When it comes to carbon dioxide and indoor agriculture, we know that CO2 is an essential component. In fact, CO2 is part of the process by which plants make their own food. It's during this photosynthesis where plants use carbon dioxide, along with water and nutrients to produce glucose and oxygen. Further, the glucose produced by the photosynthesis is used by the plant as an energy source for growth and development.
In addition to providing a source of carbon for photosynthesis, CO2 also plays a large role in regulating the opening and closing of a plants stomata. It's these tiny pores on the plant leaves that are used for gas exchange. When the concentration of CO2 in the air is low, plants will open their stomata wider to allow more CO2 to enter. And, conversely, when CO2 levels are high, plants will partially close their stomata to conserve water.
It's this carbon dioxide that is truly essential for the overall growth, development, and health of plant life.
What are the benefits of CO2 supplementation on plants?
When it comes to CO2 supplementation it can provide several benefits for plants, particularly in indoor growing environments where concentrations of carbon dioxide can at times be limited.
Below we have highlighted the main benefits of supplementing plants with CO2:
- Increased Growth and Yield: CO2 supplementation can promote increased plant growth by providing a greater source of carbon for photosynthesis. Higher levels of CO2 can also improve the efficiency of photosynthesis, allowing plants to produce more biomass with the same amount of energy.
- Improved Photosynthesis: With higher levels of carbon dioxide, plants can perform photosynthesis more efficiently. In fact, this allows them to better use available light and produce more energy for growth and yield.
- Better tolerance of stress: Plants grown in environments with higher than normal levels of CO2 are able to tolerate environmental stress factors, such as high temperatures, low humidity, and drought.
- Reduced photorespiration: Photorespiration is a process that can limit the efficiency of photosynthesis in plants. Higher levels of CO2 can reduce photorespiration, leading to greater efficiency, productivity, and product.
- Shorter crop cycles: CO2 supplementation can also reduce the time required for crops to mature and reach harvestable size. This can allow for more frequent crop cycles and higher overall yield.
While these five benefits can provide greater capabilities for growers, it is important to also ensure that you are maintaining proper levels to avoid any potential negative effects on the environment and human health.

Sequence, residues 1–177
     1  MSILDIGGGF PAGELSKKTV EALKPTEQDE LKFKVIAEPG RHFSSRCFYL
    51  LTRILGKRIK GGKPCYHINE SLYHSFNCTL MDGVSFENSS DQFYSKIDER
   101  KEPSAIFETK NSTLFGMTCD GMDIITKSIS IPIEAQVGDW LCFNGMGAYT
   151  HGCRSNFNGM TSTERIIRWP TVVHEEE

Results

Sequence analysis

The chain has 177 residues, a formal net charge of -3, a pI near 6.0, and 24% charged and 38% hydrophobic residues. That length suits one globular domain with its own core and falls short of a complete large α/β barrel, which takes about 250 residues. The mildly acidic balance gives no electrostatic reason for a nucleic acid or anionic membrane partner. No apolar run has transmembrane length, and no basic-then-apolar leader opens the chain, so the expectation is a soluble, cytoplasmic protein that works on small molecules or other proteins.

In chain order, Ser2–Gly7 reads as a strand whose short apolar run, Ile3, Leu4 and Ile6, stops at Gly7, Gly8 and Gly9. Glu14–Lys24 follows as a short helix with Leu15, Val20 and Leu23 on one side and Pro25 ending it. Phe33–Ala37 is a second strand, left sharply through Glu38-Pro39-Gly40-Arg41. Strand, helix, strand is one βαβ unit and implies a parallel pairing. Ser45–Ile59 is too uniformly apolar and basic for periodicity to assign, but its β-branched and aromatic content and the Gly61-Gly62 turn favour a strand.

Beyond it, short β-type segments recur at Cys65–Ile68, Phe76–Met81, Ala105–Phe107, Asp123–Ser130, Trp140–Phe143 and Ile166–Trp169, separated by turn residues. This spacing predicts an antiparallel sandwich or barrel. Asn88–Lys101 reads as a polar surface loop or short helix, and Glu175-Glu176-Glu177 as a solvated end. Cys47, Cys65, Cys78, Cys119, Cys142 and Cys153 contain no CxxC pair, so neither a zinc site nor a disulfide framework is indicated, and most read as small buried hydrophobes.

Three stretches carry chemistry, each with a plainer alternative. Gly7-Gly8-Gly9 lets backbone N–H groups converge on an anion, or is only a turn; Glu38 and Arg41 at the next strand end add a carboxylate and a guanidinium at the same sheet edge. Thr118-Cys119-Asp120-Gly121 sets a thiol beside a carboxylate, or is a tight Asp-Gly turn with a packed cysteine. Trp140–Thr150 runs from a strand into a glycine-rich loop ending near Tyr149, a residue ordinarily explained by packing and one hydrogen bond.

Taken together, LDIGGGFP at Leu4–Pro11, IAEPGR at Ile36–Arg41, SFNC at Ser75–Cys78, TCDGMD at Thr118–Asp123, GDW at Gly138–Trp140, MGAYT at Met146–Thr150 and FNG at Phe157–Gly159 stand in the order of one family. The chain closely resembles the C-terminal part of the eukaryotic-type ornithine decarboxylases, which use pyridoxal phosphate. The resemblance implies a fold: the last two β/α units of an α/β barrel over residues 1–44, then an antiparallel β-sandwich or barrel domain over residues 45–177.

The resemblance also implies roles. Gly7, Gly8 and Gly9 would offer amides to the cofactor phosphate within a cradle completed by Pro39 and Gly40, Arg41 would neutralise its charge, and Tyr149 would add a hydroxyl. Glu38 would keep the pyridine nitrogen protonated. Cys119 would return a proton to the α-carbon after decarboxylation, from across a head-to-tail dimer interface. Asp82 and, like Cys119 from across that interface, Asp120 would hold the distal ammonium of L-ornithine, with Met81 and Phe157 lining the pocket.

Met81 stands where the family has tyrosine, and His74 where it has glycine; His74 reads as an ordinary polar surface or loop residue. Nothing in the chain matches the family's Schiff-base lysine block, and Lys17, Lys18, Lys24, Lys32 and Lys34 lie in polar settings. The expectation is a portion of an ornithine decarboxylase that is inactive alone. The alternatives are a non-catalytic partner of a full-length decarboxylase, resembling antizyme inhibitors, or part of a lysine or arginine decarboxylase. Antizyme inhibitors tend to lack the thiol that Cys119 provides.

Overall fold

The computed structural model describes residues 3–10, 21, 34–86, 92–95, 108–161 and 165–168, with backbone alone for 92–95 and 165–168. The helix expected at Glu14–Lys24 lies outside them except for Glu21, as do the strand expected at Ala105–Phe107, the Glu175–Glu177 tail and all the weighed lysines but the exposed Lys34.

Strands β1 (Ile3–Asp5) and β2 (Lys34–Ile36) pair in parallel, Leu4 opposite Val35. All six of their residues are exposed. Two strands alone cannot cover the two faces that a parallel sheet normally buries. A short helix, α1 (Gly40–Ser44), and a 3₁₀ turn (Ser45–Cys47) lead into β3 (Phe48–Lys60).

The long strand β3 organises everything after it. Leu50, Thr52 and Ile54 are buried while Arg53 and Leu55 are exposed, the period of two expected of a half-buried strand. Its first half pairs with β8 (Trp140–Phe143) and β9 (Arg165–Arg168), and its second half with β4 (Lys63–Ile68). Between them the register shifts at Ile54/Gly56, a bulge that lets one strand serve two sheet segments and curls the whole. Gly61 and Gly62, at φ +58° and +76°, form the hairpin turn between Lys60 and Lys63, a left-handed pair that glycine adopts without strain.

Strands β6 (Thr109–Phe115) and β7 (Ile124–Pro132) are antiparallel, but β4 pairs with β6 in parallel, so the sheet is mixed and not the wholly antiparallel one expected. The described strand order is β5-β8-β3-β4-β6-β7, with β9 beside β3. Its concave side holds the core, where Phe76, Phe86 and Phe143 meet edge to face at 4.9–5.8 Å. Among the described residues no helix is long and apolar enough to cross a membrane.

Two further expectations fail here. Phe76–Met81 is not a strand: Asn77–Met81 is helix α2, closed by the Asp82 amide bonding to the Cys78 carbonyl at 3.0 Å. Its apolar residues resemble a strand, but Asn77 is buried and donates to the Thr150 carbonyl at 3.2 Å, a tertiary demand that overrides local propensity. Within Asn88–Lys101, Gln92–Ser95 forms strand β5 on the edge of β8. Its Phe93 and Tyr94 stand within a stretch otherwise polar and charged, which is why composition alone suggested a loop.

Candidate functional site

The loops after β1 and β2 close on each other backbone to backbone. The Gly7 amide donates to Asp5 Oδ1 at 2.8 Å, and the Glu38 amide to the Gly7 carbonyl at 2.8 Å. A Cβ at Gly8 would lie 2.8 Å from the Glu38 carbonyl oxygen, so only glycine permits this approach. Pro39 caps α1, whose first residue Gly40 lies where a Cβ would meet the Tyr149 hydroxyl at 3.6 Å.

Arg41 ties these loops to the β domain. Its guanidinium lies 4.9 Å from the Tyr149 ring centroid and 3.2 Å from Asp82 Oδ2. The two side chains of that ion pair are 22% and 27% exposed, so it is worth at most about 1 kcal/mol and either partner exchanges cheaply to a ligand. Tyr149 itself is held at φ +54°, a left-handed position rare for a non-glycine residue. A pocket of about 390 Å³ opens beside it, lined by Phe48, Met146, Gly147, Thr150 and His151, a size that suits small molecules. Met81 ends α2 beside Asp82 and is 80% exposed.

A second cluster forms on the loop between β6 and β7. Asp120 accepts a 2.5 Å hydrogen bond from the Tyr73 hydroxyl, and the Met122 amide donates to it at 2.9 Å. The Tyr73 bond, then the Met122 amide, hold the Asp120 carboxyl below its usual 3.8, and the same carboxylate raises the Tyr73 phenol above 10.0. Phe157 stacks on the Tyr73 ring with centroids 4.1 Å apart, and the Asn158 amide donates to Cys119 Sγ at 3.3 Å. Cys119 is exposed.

How much CO2 do plants need?
For the majority of indoor greenhouse crops, net photosynthesis increases as CO2 levels increase from 400 ppm (ambient air levels to 1,000ppm (parts-per-million). Most crops show that for any given level of photosynthetically active radiation (PAR), increasing the CO2 level to between 1,000ppm - 3,000ppm will increase the photosynthesis by about 50% over ambient CO2 levels.
For some crops the economics may not warrant supplementing to 1,000ppm CO2 at low light levels. In terms of overall CO2 implementation, greenhouse-grown vegetables like tomatoes, cucumbers, and lettuce show earlier maturity, larger fruit size, a reduction in cropping time and yields increasing at an average of 20 - 50% with supplemented CO2.
Flowers and ornamental plants however, also show faster growth, more extensive rooting, and greater plant heights shown in a study by the U.S. Department of Agriculture.
During particular times of the year and especially in indoor greenhouses that have reduced air exchange rates, the carbon dioxide levels can easily drop below 400 ppm which has a significant negative effect on the crop. Ventilation during the day can raise the CO2 levels closer to ambient but never back to ambient levels of 400 ppm. Further, the supplementation of carbon dioxide is seen as the only method to overcome this deficiency and increasing the level above 400 ppm is beneficial for most crops.
Overall, while we see the benefits of CO2 supplementation the exact levels to which the CO2 concentration should be raised depends on the crop, light intensity, temperature, ventilation, stage of the crop growth and the economics of the crop. For most crops the saturation point will be reached at about 1,000–1,300 ppm under ideal circumstances. However, every application and environment differs depending upon your overall set-up.
Does the quantity of CO2 in the air affect plant growth?
The quantity of carbon dioxide in the air can affect plant growth in an indoor grow environment or greenhouse. Because CO2 is a key component in photosynthesis, the the CO2 in the air can also have a significant impact on the plants growth and overall development.
While we know that in a typical atmosphere CO2 is around 400 ppm, the optimum concentration of CO2 for plant growth varies on environment but generally falls at 1000ppm-1200ppm.
However, when the concentration of carbon dioxide in the air is lower than the optimal range, plants may experience slower growth rates and reduced yields. Conversely, when the concentration of CO2 is higher than the optimal range, the benefits to plant growth may begin to plateau, and there may even be negative effects on plant development.
Careful monitoring and control of CO2 levels are almost mandatory to ensure a healthy plant growth and safe grow space environment.